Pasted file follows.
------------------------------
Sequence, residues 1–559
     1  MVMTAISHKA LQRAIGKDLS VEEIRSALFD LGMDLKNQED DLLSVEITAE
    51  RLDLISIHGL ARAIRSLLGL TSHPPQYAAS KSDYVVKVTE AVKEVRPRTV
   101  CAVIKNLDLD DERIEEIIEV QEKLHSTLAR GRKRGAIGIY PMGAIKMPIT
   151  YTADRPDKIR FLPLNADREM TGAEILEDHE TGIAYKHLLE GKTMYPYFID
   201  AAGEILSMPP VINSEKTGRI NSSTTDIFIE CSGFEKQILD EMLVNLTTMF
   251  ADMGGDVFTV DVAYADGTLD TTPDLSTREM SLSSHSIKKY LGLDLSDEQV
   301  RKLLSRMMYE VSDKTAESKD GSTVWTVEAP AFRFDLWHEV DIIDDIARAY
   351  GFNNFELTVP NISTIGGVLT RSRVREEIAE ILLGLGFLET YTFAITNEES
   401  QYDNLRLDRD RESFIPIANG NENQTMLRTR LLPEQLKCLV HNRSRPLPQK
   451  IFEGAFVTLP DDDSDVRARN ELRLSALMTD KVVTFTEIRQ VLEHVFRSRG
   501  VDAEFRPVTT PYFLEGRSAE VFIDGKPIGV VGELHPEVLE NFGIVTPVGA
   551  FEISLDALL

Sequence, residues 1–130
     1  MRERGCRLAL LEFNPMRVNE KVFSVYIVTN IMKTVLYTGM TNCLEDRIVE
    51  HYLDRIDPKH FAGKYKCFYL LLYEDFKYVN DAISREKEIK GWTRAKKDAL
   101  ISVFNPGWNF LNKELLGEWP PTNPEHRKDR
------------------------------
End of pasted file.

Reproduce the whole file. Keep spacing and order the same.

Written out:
Sequence, residues 1–559
     1  MVMTAISHKA LQRAIGKDLS VEEIRSALFD LGMDLKNQED DLLSVEITAE
    51  RLDLISIHGL ARAIRSLLGL TSHPPQYAAS KSDYVVKVTE AVKEVRPRTV
   101  CAVIKNLDLD DERIEEIIEV QEKLHSTLAR GRKRGAIGIY PMGAIKMPIT
   151  YTADRPDKIR FLPLNADREM TGAEILEDHE TGIAYKHLLE GKTMYPYFID
   201  AAGEILSMPP VINSEKTGRI NSSTTDIFIE CSGFEKQILD EMLVNLTTMF
   251  ADMGGDVFTV DVAYADGTLD TTPDLSTREM SLSSHSIKKY LGLDLSDEQV
   301  RKLLSRMMYE VSDKTAESKD GSTVWTVEAP AFRFDLWHEV DIIDDIARAY
   351  GFNNFELTVP NISTIGGVLT RSRVREEIAE ILLGLGFLET YTFAITNEES
   401  QYDNLRLDRD RESFIPIANG NENQTMLRTR LLPEQLKCLV HNRSRPLPQK
   451  IFEGAFVTLP DDDSDVRARN ELRLSALMTD KVVTFTEIRQ VLEHVFRSRG
   501  VDAEFRPVTT PYFLEGRSAE VFIDGKPIGV VGELHPEVLE NFGIVTPVGA
   551  FEISLDALL

Sequence, residues 1–130
     1  MRERGCRLAL LEFNPMRVNE KVFSVYIVTN IMKTVLYTGM TNCLEDRIVE
    51  HYLDRIDPKH FAGKYKCFYL LLYEDFKYVN DAISREKEIK GWTRAKKDAL
   101  ISVFNPGWNF LNKELLGEWP PTNPEHRKDR